Articles | Volume 18, issue 9
Atmos. Chem. Phys., 18, 6141–6156, 2018
https://doi.org/10.5194/acp-18-6141-2018
Atmos. Chem. Phys., 18, 6141–6156, 2018
https://doi.org/10.5194/acp-18-6141-2018

Research article 03 May 2018

Research article | 03 May 2018

Impacts of air pollutants from fire and non-fire emissions on the regional air quality in Southeast Asia

Hsiang-He Lee et al.

Data sets

Variation in global chemical composition of PM2.5: emerging results from SPARTAN Snider, G. Weagle, C. L. Murdymootoo, K. K. Ring, A. Ritchie, Y. Stone, E. Walsh, A. Akoshile, C. Anh, N. X. Balasubramanian, R. Brook, J. Qonitan, F. D. Dong, J. Griffith, D. He, K. Holben, B. N. Kahn, R. Lagrosas, N. Lestari, P. Ma, Z. Misra, A. Norford, L. K. Quel, E. J. Salam, A. Schichtel, B. Segev, L. Tripathi, S. Wang, C. Yu, C. Zhang, Q. Zhang, Y. Brauer, M. Cohen, A. Gibson, M. D. Liu, Y. Martins, J. V. Rudich, Y. Martin, R. V. https://doi.org/10.5194/acp-16-9629-2016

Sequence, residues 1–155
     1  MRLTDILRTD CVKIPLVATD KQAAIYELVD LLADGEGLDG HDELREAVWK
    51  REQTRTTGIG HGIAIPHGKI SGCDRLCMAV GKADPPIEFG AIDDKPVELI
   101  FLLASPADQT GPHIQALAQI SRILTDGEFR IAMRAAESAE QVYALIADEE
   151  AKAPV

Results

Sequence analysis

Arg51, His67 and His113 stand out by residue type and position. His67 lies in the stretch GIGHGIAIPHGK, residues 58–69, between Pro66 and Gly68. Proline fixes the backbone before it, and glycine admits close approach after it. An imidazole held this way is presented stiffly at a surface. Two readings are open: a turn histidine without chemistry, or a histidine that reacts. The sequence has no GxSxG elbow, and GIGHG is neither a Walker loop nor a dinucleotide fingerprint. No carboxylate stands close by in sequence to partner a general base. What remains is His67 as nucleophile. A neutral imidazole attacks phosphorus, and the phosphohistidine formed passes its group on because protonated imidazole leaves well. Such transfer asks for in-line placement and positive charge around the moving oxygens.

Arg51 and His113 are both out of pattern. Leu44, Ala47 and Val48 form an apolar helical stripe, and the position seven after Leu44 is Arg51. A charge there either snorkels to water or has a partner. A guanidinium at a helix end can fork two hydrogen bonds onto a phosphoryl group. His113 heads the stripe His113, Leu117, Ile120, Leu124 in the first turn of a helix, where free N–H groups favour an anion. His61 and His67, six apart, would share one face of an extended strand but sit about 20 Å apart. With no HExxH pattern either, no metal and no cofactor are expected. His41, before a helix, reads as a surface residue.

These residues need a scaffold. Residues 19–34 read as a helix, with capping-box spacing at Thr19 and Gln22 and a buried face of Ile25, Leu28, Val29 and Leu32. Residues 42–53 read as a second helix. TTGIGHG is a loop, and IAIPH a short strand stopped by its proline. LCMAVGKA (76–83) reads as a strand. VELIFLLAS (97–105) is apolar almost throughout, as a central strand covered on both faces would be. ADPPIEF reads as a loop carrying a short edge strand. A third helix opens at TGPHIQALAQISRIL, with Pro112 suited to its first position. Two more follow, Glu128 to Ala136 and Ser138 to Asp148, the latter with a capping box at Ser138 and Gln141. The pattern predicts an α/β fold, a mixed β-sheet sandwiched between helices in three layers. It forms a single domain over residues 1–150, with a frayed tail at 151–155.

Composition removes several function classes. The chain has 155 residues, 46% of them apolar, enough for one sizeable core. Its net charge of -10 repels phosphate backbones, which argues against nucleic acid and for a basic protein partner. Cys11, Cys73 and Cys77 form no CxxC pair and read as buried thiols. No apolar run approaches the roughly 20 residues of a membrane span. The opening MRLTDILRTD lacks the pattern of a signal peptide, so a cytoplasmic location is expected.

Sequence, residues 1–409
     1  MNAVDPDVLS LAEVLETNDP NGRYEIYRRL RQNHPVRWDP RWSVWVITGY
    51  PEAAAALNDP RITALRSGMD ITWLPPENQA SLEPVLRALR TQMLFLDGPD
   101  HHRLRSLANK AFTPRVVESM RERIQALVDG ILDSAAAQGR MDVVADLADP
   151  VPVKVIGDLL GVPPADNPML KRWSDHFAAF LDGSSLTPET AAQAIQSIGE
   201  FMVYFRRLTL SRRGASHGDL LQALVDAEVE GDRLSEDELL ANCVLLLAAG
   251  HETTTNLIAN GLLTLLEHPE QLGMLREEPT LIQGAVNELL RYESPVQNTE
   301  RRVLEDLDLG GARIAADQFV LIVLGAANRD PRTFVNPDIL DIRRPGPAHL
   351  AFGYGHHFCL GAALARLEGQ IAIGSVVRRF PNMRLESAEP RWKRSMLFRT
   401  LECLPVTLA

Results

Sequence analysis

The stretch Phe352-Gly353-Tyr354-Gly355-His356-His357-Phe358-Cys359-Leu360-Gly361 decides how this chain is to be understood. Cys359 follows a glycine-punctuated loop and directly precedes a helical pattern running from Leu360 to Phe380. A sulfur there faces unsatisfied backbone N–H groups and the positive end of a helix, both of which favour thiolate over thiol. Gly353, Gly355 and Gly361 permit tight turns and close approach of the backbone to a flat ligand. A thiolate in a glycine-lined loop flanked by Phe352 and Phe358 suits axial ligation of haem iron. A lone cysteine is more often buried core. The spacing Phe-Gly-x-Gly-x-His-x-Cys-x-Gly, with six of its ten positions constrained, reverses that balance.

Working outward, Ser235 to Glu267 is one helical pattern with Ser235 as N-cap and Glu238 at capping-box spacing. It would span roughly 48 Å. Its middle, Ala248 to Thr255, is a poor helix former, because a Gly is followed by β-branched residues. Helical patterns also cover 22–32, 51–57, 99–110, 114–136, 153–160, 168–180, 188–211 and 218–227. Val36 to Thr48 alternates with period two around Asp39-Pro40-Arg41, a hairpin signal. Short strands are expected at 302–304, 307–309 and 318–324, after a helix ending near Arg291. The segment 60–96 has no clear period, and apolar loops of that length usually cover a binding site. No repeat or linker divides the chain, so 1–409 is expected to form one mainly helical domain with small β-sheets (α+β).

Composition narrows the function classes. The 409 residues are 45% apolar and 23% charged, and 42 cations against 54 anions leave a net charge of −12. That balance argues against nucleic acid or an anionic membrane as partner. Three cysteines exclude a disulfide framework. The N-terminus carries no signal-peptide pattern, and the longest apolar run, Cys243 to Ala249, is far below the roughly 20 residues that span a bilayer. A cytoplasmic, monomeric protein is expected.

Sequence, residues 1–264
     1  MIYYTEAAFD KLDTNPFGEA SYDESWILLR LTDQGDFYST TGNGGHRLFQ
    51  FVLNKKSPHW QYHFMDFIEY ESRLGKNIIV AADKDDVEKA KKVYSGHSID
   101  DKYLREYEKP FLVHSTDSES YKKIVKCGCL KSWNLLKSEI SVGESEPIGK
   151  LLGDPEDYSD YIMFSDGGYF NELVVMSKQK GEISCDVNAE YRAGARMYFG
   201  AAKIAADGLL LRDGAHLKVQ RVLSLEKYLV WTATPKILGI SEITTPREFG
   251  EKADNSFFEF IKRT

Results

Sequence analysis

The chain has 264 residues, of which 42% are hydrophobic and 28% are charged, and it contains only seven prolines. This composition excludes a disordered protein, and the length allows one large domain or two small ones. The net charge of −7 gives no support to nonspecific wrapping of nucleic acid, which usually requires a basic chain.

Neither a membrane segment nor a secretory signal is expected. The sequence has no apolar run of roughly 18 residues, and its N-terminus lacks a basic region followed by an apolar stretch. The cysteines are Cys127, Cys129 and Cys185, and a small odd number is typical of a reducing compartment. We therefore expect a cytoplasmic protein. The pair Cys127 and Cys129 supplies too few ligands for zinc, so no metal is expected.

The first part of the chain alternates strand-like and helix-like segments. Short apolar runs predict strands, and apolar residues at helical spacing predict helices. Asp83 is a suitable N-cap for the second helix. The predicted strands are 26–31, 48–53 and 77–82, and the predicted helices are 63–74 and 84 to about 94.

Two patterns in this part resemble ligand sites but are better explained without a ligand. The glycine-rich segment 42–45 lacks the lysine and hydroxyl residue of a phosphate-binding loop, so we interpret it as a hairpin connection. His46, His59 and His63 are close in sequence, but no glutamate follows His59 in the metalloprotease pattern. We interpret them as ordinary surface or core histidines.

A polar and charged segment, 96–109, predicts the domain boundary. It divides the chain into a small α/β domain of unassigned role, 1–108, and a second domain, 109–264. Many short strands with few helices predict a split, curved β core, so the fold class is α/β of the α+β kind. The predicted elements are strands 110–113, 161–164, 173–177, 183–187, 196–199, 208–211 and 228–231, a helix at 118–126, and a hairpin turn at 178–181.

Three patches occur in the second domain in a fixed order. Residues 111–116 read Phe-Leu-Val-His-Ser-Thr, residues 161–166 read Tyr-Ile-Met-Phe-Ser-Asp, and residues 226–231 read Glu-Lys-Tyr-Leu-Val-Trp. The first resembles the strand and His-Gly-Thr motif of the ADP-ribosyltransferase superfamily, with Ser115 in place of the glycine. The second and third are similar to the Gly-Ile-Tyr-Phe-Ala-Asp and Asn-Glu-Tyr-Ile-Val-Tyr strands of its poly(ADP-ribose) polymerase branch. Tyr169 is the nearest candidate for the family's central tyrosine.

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Short summary
Our study shows that across ASEAN 50 cities, these model results reveal that 39 % of observed low-visibility days can be explained by either fossil fuel burning or biomass burning emissions alone, a further 20 % by fossil fuel burning alone, a further 8 % by biomass burning alone, and a further 5 % by a combination of fossil fuel burning and biomass burning. The remaining 28 % of observed low-visibility days remains unexplained, likely due to emissions sources that have not been accounted for.
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